Sri Lanka’s Northern Provincial Council elections: reconciliation and reputation

The Northern Provincial Council elections slated for September 2013 hold critical relevance for a transition from post-war Sri Lanka to a post-conflict Sri Lanka. This is an important opportunity for the majoritarian Sinhala state to regain international credibility.

Shweta Singh
21 August 2013

The Northern Provincial Council elections to be held in September 2013 have assumed critical relevance for post-war Sri Lanka. As President Rajapaksa stated: “There were presidential and parliamentary elections but this is the first free election in 30 years afforded to northern people to express themselves in a vote". The Northern Provincial Council elections provide hope for a transition from post-war Sri Lanka to a post-conflict Sri Lanka, as free and fair electoral processes at provincial levels increasingly play a significant role in ushering in a process of democratic devolution, power sharing, minority rights and reconciliation.

However, both democracy and freedom have had varied meanings for the majority Sinhala and minority Tamil populations in Sri Lanka.  Yet, with the declaration of the provincial elections there are renewed hopes for democratic devolution. The elections come close behind the Commonwealth Heads of Government meeting to be held in November in Sri Lanka and will be closely watched at the local, regional and international level.  

The India-Sri Lanka accord of 1987, which later became the 13th Amendment to Sri Lanka’s constitution, created the council systems to devolve power at the level of provinces. All the provinces except the Northern Province had elected councils.  In 1988 President Jayewardene issued proclamations which enabled the Northern and Eastern provinces to be one administrative unit administered by one elected Council. The North-East Province was born. However, police and land powers were never devolved. The Eastern Province struggled without adequate financial powers. And then, with the Supreme Court ruling in 2007, there was a de-merger of the North and East.  It is after nearly three decades that Sri Lanka will now have elections for the Northern Provincial Council.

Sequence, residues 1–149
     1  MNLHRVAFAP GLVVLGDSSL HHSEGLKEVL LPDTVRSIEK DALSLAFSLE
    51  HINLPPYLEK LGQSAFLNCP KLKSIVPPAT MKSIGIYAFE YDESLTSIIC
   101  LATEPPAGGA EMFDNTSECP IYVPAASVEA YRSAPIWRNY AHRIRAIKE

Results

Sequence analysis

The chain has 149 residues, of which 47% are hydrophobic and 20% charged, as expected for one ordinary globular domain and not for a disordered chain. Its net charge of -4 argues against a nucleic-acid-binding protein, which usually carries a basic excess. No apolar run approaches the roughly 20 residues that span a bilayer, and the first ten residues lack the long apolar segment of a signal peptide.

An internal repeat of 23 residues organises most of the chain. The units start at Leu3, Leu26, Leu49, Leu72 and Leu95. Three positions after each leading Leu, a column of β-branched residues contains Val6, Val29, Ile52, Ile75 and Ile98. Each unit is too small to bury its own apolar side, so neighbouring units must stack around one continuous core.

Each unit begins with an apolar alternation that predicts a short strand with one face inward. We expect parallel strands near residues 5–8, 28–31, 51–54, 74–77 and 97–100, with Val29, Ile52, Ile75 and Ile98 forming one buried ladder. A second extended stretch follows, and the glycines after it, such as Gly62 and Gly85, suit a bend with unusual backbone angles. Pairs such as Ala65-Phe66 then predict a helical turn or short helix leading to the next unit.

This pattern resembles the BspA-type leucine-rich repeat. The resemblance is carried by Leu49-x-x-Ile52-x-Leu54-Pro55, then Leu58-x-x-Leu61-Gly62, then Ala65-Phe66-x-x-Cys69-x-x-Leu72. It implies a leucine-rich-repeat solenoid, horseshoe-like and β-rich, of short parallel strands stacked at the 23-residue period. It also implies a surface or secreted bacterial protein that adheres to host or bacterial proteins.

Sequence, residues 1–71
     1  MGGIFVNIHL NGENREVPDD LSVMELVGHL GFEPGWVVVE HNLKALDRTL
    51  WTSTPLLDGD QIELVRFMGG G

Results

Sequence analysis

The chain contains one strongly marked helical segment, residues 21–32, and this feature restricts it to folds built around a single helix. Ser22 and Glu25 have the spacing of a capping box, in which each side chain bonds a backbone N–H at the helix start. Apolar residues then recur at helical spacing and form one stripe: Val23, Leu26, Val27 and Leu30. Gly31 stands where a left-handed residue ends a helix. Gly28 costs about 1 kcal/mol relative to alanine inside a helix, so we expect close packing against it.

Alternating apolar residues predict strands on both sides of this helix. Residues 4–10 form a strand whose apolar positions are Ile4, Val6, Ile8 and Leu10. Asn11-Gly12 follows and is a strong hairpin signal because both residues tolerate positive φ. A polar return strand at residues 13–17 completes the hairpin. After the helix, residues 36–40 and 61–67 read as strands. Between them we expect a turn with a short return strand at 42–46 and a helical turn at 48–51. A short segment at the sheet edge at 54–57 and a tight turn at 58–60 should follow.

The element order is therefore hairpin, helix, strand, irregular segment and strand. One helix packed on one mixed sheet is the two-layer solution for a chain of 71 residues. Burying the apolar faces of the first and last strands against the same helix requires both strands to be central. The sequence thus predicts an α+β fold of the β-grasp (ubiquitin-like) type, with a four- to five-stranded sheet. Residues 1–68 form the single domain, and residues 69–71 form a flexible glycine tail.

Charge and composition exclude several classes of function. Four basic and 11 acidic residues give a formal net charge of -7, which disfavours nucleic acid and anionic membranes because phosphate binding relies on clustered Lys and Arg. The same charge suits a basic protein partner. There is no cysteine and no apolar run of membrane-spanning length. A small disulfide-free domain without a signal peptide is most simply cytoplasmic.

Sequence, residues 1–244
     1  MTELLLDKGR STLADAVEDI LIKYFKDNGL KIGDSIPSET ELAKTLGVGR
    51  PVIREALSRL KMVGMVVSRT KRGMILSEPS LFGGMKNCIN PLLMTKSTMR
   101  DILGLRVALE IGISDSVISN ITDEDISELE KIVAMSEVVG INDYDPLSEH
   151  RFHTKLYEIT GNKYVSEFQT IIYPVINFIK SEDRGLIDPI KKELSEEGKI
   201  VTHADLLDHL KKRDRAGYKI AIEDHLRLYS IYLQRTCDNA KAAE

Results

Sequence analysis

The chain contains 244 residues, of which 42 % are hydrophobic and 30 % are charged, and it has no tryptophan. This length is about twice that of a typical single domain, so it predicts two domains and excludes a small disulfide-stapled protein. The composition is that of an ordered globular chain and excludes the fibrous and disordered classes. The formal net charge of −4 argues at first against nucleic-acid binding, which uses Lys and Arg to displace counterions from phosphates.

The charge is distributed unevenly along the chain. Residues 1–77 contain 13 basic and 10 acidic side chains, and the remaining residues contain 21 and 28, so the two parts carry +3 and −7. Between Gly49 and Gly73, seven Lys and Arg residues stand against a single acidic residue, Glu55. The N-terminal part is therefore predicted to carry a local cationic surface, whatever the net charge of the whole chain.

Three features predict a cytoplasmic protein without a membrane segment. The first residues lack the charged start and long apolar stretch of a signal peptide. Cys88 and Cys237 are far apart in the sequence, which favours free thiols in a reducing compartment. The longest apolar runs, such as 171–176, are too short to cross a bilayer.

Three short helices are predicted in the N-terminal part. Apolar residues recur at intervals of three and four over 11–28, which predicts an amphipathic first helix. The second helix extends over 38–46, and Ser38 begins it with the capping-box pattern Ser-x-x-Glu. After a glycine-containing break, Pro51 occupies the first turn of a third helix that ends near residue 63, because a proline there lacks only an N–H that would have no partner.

The Northern Province of Sri Lanka has a peculiar place in Sri Lanka’s history and politics. It has been geographically the area where the minority Tamils are concentrated. The conflict in Sri Lanka has roots in a discourse of competing Sinhala and Tamil nationalisms around traditional Sinhala and Tamil homelands which have been sustained through historical memories, writings and instrumentalist politics.  The minority Tamils argue that the North of Sri Lanka constitutes their traditional homeland.  The majority Sinhala group emphasize that the island nation is a sacred place for (Theravada) Buddhism and that the Sinhalese are the chosen people entrusted with the task of preserving the island that will sustain Buddhism in its pristine form.

In this sense, the majoritarian state has been skeptical of any sort of power-sharing arrangement with the minority Tamil community, given the fear of secessionism and the threat to the centralized, unitary and primarily Buddhist state. This has been justified through the discourse of conservative security dilemmas, parochial instrumentalist politics and the nature of the state itself.

The larger question, which still remains under the litmus test, is whether the Northern Provincial Council elections signify a break from this divided past and a move towards accommodation and power sharing with the minority Tamils. At this juncture it can only be stated that it is an optimistic first step in a post-conflict scenario for the island nation. Many hurdles on this path still remain.